14 May 2018
People of OHI: Lagipoiva Cherelle Jackson
Lagipoiva Cherelle Jackson is the lead of our Samoa OHI+ independent assessment.
Describe your role or involvement with the Ocean Health Index (OHI).
I am the liaison between the OHI global programme and Samoan Government, and I assist in socializing the idea of OHI with the Government and major stakeholders in Samoa.
Give us a one-word description of how you work.
What are your essential apps, software, or tools?
Google Calendar, Colour Note, Slack, Canva, Facebook
What is your personal story behind why you do what you do? Is there a specific “a-ha” moment or experience to share?
I grew up on the island of Savaii, nature was our playground, our source of sustenance, and the basis of our culture. Nature also had the ability to destroy and change our lives through intense cyclones. There was no “a-ha” moment, just a constant conviction that we have to do what we can to protect land, sea, and sky, because it is in those elements that has made us, Samoans and Polynesians, the strong proud cultural beings that we are today. I named my son Tagaloalagi because of my passion for the co-benefit of conservation with cultural preservation.
What aspect of your work are you most proud of?
Seeing our local counterparts get excited about open science, ocean data, and environmental indicators, and being able to offer capacity building opportunities to strengthen this aspect of their work. Also playing a small role in broadening oceans coordination within the environment sector under the leadership of the Ministry of Natural Resources and Environment (MNRE).
How have you seen OHI make a positive impact?
OHI is a tool that can help Pacific islands monitor progress on Sustainable Development Goals (SDG), especially SDG 14. OHI has assisted the Ministry of Natural Resources and Environment in strengthening integration of oceans in our national environment work. That’s super exciting for me.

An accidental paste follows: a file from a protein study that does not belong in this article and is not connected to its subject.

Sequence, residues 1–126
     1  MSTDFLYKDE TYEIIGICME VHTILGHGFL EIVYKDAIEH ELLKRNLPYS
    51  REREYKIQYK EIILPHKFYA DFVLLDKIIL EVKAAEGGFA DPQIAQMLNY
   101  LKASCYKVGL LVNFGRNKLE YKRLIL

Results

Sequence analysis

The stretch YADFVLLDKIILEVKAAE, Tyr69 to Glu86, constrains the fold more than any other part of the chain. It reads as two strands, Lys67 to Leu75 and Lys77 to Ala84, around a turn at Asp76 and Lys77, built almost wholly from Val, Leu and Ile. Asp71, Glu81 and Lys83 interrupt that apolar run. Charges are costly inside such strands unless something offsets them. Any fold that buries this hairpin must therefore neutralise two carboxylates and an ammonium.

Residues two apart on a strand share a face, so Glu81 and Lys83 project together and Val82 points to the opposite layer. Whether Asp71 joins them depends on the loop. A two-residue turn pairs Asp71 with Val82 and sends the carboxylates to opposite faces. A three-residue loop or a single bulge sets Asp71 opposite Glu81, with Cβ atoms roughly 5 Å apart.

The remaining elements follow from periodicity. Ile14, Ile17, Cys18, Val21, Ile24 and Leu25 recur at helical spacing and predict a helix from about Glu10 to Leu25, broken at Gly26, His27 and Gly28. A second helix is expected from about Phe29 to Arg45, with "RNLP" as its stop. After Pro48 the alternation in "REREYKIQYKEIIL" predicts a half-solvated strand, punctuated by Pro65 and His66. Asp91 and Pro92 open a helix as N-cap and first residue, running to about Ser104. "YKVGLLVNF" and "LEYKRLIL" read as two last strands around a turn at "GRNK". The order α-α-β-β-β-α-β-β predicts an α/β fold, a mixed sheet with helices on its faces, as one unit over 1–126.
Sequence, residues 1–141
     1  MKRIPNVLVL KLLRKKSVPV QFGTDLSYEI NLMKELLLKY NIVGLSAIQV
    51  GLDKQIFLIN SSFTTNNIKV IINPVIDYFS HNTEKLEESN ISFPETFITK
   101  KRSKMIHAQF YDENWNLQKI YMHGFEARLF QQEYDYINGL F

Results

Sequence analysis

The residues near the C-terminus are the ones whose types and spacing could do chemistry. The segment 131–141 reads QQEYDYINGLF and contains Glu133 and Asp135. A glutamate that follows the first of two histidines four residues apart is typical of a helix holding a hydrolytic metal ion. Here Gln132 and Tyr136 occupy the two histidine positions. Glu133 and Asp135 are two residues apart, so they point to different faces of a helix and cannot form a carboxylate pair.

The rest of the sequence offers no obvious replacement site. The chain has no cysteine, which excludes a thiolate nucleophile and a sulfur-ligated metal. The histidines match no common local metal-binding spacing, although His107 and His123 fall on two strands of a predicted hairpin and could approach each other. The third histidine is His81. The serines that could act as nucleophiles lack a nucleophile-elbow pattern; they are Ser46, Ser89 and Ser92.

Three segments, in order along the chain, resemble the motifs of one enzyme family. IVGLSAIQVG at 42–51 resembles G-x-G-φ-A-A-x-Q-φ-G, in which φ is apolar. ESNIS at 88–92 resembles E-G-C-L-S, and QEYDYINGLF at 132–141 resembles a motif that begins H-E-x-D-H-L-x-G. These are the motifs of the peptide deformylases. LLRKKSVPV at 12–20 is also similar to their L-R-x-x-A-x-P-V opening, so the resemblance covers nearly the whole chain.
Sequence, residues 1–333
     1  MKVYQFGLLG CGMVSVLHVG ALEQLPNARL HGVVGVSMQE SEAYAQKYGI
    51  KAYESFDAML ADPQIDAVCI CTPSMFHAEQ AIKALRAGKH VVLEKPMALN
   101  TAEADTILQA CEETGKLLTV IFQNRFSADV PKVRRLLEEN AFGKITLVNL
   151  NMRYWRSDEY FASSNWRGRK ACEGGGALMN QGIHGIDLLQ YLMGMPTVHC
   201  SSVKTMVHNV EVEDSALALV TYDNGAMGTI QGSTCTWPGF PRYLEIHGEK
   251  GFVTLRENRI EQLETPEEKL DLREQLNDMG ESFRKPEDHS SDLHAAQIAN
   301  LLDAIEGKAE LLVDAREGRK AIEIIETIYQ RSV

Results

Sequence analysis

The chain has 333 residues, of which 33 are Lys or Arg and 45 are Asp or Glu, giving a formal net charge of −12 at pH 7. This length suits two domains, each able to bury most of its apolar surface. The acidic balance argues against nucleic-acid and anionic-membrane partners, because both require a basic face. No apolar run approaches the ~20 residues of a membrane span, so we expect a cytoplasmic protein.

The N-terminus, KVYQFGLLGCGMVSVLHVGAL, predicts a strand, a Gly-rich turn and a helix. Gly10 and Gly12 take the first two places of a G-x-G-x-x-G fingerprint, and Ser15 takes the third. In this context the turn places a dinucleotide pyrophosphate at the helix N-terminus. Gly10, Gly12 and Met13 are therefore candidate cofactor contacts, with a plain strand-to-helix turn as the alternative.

How do Samoan institutions and partners plan on using the OHI scores?
It is our hope that our national counterparts will align OHI Scores with their respective reporting structures and indicators. For instance, it would be great if OHI could be useful in informing some of the reporting requirements under the Conservation for Biological Diversity (CBD), United Nations Framework Convention on Climate Change (UNFCCC), and United Nations Convention on the Law of the Sea (UNCLOS), or voluntary reporting on SDGs including SDG 14 on Life Below Water. With the endorsement of MNRE, we can also look at how this can assist Samoas State of Environment Report with the Secretariat of the Regional Environment Programme.
Where are you originally from and where do you live now?
I am from Safua on the island of Savaii. I now live in Apaula, on the side of Mt. Vaea at Lalovaea on the island of Upolu in Samoa.
What could you present about for 40-minutes with absolutely no preparation?
Climate change communication
What are 5 things you can’t live without?
Family, taro, ocean, music, internet
How do you recharge?
Swimming and eating - that’s just how we roll on the islands.
What is one of the most inspiring places you’ve been?
Tulum, Mayan Ruins in the Yucatán Peninsula of Mexico. It was stunning and life changing, but also proof that science know-how came way before us in the form of traditional knowledge.
What are some of your favorite hobbies when you’re not traveling or working?
Dancing, diving, sketching, writing, and archery
What’s the most interesting thing you have read or watched this week?
Tuna Management and Development Plan for Samoa, seriously. I was given it by the Assistant Chief Executive Officer of Fisheries, Magele during a meeting and I had a good read through it, and found it extremely interesting.
What is the best meal you have ever cooked?
My husband does all the cooking in my family, so the best meal he has ever cooked is a carbonara made with fresh crab and homemade pasta.